John Alan (Jack) James, a Lubin professor and major proponent of the teaching of comparative corporate governance, has been named the center’s inaugural executive director. James brings the center over 40 years of experience as an author and consultant in Europe, Asia and the U.S., and as an instructor at leading European business schools including INSEAD (Institut Européen d’Administration des Affaires, near Paris), CEI (Centre d’Etudes Industrielles in Geneva, Switzerland), IMD (International Institute for Management Development in Lausanne, Switzerland), and the Northwestern Kellogg European Management Program (Lausanne).  In the United States, he has been a guest lecturer at The Wharton School of the University of Pennsylvania, Cornell and Northwestern.   

Beginning February 2, the new Lubin center is offering a six-month program leading to a new Certified Compliance and Regulatory Professional (CCRP™) certificate.  The center also is planned to be an academic setting for professional organizations, business leaders and policymakers to exchange views on key issues facing world economies. It will provide thought leadership on current and emerging issues, conducting independent research and disseminating the findings, sponsoring guest speakers, hosting special events and participating in academic and industry conferences.

“At no time in history have international governance and regulation been more important to the business, government and public sector than they are  today,” said Neil S. Braun, the former President of the NBC Television Network and Chairman of Viacom Entertainment who is Lubin’s dean.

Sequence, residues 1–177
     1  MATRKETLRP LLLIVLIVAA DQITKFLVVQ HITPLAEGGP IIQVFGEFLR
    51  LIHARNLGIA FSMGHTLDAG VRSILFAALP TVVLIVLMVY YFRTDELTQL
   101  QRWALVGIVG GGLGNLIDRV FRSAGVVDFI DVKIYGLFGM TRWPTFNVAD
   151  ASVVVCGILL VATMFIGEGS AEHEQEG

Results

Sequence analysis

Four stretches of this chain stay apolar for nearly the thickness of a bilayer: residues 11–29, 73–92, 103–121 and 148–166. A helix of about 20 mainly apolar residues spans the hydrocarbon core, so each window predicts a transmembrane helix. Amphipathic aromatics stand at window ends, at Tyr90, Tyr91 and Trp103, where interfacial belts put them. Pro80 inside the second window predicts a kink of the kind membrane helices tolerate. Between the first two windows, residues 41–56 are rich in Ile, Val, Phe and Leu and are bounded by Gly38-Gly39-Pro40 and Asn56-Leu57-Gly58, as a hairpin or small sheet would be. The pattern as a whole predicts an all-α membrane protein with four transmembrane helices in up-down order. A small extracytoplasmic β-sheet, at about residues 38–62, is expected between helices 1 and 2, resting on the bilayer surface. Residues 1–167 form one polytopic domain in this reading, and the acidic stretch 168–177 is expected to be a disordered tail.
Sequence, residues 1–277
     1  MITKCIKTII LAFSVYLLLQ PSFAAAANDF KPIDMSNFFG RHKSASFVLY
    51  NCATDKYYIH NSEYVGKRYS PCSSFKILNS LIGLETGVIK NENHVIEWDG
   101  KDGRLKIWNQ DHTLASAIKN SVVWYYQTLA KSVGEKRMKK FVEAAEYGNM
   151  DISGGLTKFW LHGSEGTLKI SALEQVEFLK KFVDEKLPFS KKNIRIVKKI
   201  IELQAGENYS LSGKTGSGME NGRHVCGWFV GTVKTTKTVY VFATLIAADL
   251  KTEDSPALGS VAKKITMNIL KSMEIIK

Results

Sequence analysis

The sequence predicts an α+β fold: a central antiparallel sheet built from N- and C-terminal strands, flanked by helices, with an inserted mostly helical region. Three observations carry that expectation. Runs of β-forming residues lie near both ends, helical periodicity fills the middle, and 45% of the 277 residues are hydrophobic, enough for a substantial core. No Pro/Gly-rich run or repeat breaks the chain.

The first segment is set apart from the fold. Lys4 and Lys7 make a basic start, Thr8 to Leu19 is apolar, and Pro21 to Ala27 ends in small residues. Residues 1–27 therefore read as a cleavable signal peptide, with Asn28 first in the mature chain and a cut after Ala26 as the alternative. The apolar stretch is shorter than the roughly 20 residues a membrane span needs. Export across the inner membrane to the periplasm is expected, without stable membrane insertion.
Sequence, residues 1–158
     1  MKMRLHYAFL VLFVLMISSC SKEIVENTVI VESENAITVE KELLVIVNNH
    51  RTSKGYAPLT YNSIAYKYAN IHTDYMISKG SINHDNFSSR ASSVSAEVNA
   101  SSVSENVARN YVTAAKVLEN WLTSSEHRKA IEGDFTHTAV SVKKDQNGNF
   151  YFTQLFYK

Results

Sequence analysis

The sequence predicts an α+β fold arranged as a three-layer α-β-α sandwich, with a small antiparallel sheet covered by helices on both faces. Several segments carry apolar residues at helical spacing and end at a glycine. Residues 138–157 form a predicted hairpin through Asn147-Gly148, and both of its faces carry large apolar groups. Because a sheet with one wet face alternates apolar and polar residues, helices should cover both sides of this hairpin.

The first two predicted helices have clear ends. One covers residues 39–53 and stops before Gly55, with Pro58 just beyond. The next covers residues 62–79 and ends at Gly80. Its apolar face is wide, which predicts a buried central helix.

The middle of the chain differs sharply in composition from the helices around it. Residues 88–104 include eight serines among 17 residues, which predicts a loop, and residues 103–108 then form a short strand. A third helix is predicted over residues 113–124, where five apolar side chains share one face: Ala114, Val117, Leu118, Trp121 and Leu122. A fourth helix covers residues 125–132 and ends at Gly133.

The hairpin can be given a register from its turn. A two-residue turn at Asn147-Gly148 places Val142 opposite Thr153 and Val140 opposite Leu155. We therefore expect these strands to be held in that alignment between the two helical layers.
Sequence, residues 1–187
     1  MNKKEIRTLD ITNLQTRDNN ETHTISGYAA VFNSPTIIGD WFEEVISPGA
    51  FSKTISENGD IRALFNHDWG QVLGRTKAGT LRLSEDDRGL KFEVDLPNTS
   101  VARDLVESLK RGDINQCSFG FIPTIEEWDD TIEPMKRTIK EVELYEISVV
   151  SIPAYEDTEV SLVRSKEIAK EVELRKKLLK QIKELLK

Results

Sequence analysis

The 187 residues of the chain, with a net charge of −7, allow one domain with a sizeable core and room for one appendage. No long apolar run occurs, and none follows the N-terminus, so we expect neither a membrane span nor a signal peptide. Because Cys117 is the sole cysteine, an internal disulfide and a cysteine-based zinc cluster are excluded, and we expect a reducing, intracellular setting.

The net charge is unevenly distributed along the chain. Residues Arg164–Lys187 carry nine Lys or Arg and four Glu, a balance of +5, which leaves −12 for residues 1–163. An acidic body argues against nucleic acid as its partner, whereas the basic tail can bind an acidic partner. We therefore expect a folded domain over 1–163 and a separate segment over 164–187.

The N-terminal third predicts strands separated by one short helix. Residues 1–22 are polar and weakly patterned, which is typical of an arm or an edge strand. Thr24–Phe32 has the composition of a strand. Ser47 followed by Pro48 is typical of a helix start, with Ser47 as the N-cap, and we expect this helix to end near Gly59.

“Changes in the already-complex regulatory system are occurring daily in nations around the world,” Braun added. “The European Union is requiring new and tighter regulations, and the meetings of the G-20, the IMF and the Bank for International Settlements, Basel, are introducing numerous new ideas for achieving convergence and establishing a level playing field across the globe. Future business leaders must be prepared for a global regulatory labyrinth, and Lubin is building upon its track record in teaching comparative governance.”

James, an international expert on how corporations are governed, founded Management Counsellors International, S.A., a Belgian corporation, where he advised clients including 50 of the U.S. Fortune 100 major multinational corporations and foreign companies like Fiat, Henkel and Siemens on market entry strategies and operating in “foreign” regulatory environments. He is also the author of over 80 articles and 52 publications.  These include what are believed to be the first publications in English on how corporations are governed in Europe, detailing the stakeholder/workers’ voice approach used by all countries outside the U.S. and the British Commonwealth.